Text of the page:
A replacement Somesville bridge on the way to be installed in 1995. An article about the construction of the bridge is part of this year’s “Chebacco,” the journal of the Mount Desert Island Historical Society. The journal’s launch is set for April 7. PHOTO COURTESY OF MDI HISTORICAL SOCIETY

Historical society journal explores ‘Sense of Place’



MOUNT DESERT — The MDI Historical Society will celebrate the launch of its annual magazine, “Chebacco,” at the Sound Schoolhouse on Friday, April 7, from 4-6 p.m.

The 18th volume of the magazine explores the theme “Sense of Place” and the characteristics that make Mount Desert Island unique and evocative of the past. At the event, which is open to the public, several authors will read selections from their articles, and society members may pick up their copies of the magazine prior to their mailing. Refreshments will be served.

“A Sense of Place” explores themes ranging from architecture to colonial history to biography. In a brief memoir, architect Roc Caivano remembers the reaction to the 1981 construction of the famous arched bridge in Somesville. He writes, “It became clear that our project was successful in the ensuing months as the number of people stopping to photograph the bridge increased, and that January, a bank calendar arrived in the mail with a photograph of the ‘Historic Old Somesville Bridge’ on its cover.”

Standing, Stuart Savage (holding shovel) and Charles “Ken” Savage Jr. Seated are Rick Savage and his brother, John Savage, circa 1955–56. The photo is part of an article in this year’s “Chebacco,” the journal of the Mount Desert Island Historical Society. The journal’s launch is set for April 7. PHOTO COURTESY OF RICK SAVAGE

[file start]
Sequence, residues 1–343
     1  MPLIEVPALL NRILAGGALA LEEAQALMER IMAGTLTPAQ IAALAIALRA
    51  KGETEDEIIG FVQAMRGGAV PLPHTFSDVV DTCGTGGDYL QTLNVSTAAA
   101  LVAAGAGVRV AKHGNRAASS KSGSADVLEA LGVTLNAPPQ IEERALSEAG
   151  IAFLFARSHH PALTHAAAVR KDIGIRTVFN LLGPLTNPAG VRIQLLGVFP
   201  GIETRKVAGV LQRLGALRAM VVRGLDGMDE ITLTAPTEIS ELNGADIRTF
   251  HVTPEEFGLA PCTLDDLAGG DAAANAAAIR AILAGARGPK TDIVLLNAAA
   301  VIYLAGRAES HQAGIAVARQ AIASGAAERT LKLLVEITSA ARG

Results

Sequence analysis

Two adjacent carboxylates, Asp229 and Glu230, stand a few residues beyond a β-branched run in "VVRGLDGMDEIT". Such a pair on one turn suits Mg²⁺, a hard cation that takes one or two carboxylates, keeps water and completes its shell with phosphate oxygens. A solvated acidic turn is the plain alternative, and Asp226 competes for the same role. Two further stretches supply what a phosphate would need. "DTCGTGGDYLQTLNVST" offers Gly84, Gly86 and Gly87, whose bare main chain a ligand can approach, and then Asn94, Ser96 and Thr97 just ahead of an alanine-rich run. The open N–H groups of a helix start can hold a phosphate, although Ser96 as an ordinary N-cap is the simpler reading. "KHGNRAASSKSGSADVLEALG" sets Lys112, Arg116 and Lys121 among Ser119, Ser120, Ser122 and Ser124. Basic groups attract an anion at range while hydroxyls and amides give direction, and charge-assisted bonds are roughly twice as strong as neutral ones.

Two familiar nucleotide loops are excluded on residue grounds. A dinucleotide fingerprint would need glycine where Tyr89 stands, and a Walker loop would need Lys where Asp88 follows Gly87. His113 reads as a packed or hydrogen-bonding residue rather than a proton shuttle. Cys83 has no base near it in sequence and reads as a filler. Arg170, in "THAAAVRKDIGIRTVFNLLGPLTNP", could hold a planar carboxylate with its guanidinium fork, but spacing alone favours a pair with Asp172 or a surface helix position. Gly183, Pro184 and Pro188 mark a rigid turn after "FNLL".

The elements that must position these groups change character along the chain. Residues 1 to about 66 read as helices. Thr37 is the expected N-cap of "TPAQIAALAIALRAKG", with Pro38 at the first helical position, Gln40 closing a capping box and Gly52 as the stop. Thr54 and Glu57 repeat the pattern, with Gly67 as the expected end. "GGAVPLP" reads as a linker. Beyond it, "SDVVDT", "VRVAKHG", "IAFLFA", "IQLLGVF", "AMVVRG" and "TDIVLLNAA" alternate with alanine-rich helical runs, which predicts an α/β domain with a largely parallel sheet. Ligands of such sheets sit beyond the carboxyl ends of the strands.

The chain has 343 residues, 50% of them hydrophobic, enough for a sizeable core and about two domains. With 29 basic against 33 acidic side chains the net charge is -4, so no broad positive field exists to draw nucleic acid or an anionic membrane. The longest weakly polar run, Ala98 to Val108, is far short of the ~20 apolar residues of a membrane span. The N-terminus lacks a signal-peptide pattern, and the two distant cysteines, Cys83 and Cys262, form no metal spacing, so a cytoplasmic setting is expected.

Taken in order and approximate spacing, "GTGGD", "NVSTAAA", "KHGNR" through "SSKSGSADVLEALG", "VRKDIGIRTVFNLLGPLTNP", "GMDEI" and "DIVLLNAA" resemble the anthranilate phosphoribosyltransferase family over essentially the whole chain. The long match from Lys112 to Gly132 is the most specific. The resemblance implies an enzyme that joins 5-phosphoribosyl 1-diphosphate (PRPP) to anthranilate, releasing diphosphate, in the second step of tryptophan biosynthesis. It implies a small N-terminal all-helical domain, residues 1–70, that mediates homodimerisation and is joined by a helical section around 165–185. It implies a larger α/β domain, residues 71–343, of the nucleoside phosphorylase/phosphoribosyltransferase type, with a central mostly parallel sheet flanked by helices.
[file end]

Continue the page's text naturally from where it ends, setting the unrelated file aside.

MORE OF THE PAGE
Also appearing in the magazine are works by Sargent Gardiner, Tim Garrity, Willie Granston, Carl Little, Todd Little-Siebold, Erik Reardon, and Roxana Robinson. First-person accounts by Augustus, Charles and Rick Savage, and Louisa Newlin tell what it was like to grow up in the villages of Asticou and Northeast Harbor in the 19th, 20th and 21st centuries.

At 165 pages, the new issue is larger than ever and contains more than 70 illustrations in full color. The magazine gets its name, “Chebacco,” from the kind of boat used by 18-century English colonists when they first set up their homes on Mount Desert Island.

The Mount Desert Island Historical Society fosters meaningful engagement with the histories of Mount Desert Island. Visit www.mdihistory.org or call Brendan O’Keefe at 276-9323.

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